The archaeology of memory Sigurd Lewerentz and Stockholm’s South Cemetery By 1924 building of the Chapel of Resurrection was almost finished. The chapel was the first solo work by Sigurd Lewerentz (1885-1975), within the celebrated designs elaborated with Erik Gunnar Asplund (1885-1940) for the Skogskyrkogården in Stockholm (1915-61). The designs for this architecture of the sacred provide a unique opportunity to investigate the dynamic vitality of memory and to explore the various associations which disparate images of time and place can blend together in the cohesion of the architectural project. The project, with its tension between time and space, redefines the identity of the place in question, by means of temporal allusions capable of revealing at one and the same time distinctive signs which are given coherence by the structure of the overall design. The landscape is the place of the action, an impressive palimpsest which can be relied on to generate elements which define sequences of scenes; the project projects the intangible into space and introduces a temporal rhythm on a different matrix compared to the natural rhythm. A new work creates a fracture in the felt structure of space, revealing different meanings and defining fresh memory; every single architectural project, being an act of transformation, emerges from the line of tradition to plough its own furrow which in some cases bring out a place's cultural as well as formal archaic matrix: the original paradigm. The fracture opens up excavation of the 'the well of the past', where certain archetypes, forms and mythical patterns are waiting to be taken up thanks to a continual process of never-ending return. What exactly is the relationship between the investigation into works of architecture such as those created by Asplund and Lewerentz at the Enskede Cemetery from 1915 onwards and the contemporary architectural scene? The nub of the question remains the relationship which a new work of architecture creates with existing structures, of a lost past, of the ancient which is still visible, and naturally with contemporary works. In fact such a relationship is unavoidable, and it is down to the architect to determine whether to translate it into a tension capable of generating inventive possibilities or else to try and get round it by being stubbornly self-referential. It is less about the relationship between artistic invention and tradition than tackling the urgent issue of the total lack of perspective which in the last two decades has bequeathed us an excess of unbridled individualism. For all these reasons the study of the compositional process guiding the project for Stockholm's South Cemetery, and particular the designs of Sigurd Lewerentz for the building of the second of the minor chapels, has contemporary relevance. In this instance, it is not a case of “building in an ancient land” but rather, through the construction of the landscape project, of creating an identity for a collective whole, which here finds the possibility of recuperating the primordial archetypes of its own culture. Working in the Nordic Forest, which extends into the project site, the two young Swedish architects were unable to rediscover visible traces of an ancient origin on the site, and accordingly used the project to give visible form to the image of the “true beginnings” and the idea of a never-ending return. To this end they set up a process of rewriting ancient architecture, citing various elements in the composition of radically anti-academic works, testimony of a new path towards modernity. As such it is not a case of recuperation of the classical language as a syntactical system governing the entire architectural structure but rather of the precise “setting the scene” for an “archaeology of memory”. This operation is not designed to give body to the detailed image of a precise reference world so much as to evoke in an extremely graphic synthesis a distant primal wider world thereby capturing its symbolic essence.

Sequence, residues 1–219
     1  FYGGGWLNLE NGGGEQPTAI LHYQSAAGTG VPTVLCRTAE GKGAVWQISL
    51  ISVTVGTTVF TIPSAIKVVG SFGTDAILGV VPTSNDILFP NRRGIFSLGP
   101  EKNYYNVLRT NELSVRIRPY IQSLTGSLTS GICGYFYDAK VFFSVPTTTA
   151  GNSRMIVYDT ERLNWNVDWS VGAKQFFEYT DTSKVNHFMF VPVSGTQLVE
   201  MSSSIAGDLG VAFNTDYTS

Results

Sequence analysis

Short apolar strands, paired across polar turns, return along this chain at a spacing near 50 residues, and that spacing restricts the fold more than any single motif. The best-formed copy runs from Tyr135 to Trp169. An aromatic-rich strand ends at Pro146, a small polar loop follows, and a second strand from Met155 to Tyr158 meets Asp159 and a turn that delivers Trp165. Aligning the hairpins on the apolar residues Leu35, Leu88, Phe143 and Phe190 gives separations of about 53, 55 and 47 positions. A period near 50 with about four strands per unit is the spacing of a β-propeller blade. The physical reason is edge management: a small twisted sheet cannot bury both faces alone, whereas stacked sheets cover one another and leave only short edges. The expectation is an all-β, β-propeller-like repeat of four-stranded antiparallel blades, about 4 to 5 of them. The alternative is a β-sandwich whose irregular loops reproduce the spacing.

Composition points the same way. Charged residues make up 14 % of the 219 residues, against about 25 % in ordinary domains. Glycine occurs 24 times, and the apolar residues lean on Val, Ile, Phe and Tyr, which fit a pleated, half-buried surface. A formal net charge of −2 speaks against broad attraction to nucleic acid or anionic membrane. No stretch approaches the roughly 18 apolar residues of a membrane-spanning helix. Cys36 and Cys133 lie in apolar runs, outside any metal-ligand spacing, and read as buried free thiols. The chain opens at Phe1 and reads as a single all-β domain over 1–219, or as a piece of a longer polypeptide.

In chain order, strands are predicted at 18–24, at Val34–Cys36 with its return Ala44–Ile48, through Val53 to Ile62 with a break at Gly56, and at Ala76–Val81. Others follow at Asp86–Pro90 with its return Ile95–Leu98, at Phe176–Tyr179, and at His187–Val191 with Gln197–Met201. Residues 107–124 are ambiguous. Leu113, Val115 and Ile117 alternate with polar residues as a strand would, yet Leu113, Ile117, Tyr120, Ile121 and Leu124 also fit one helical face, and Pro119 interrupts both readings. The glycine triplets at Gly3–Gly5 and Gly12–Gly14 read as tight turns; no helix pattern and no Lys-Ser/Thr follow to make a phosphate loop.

Torricelli, C. (2015). Archeologia della memoria. Sigurd Lewerentz e il Cimitero Sud di Stoccolma. In Luigi Franciosini Cristina Casadei (a cura di), Architettura e Patrimonio: progettare in un paese antico (pp. 176-187). ROMA : Mancosu Editore.